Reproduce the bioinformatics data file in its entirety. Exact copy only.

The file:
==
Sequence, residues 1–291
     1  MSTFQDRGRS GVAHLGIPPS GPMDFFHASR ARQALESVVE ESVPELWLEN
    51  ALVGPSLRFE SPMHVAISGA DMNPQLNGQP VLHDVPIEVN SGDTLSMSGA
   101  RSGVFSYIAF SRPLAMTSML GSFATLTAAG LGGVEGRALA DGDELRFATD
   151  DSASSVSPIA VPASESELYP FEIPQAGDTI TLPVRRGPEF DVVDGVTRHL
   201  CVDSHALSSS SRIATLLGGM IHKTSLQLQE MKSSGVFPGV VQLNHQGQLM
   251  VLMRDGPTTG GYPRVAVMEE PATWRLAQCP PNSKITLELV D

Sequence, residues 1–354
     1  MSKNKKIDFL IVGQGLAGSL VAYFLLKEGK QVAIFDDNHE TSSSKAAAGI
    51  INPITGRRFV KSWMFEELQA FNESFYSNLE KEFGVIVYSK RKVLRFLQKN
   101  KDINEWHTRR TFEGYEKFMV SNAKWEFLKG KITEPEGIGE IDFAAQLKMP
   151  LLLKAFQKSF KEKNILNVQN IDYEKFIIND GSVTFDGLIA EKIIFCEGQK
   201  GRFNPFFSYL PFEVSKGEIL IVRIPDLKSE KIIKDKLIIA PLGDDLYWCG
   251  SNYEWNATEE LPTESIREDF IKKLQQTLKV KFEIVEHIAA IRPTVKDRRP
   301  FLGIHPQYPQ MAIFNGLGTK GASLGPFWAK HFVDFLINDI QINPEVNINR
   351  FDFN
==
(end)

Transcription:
Sequence, residues 1–291
     1  MSTFQDRGRS GVAHLGIPPS GPMDFFHASR ARQALESVVE ESVPELWLEN
    51  ALVGPSLRFE SPMHVAISGA DMNPQLNGQP VLHDVPIEVN SGDTLSMSGA
   101  RSGVFSYIAF SRPLAMTSML GSFATLTAAG LGGVEGRALA DGDELRFATD
   151  DSASSVSPIA VPASESELYP FEIPQAGDTI TLPVRRGPEF DVVDGVTRHL
   201  CVDSHALSSS SRIATLLGGM IHKTSLQLQE MKSSGVFPGV VQLNHQGQLM
   251  VLMRDGPTTG GYPRVAVMEE PATWRLAQCP PNSKITLELV D

Sequence, residues 1–354
     1  MSKNKKIDFL IVGQGLAGSL VAYFLLKEGK QVAIFDDNHE TSSSKAAAGI
    51  INPITGRRFV KSWMFEELQA FNESFYSNLE KEFGVIVYSK RKVLRFLQKN
   101  KDINEWHTRR TFEGYEKFMV SNAKWEFLKG KITEPEGIGE IDFAAQLKMP
   151  LLLKAFQKSF KEKNILNVQN IDYEKFIIND GSVTFDGLIA EKIIFCEGQK
   201  GRFNPFFSYL PFEVSKGEIL IVRIPDLKSE KIIKDKLIIA PLGDDLYWCG
   251  SNYEWNATEE LPTESIREDF IKKLQQTLKV KFEIVEHIAA IRPTVKDRRP
   301  FLGIHPQYPQ MAIFNGLGTK GASLGPFWAK HFVDFLINDI QINPEVNINR
   351  FDFN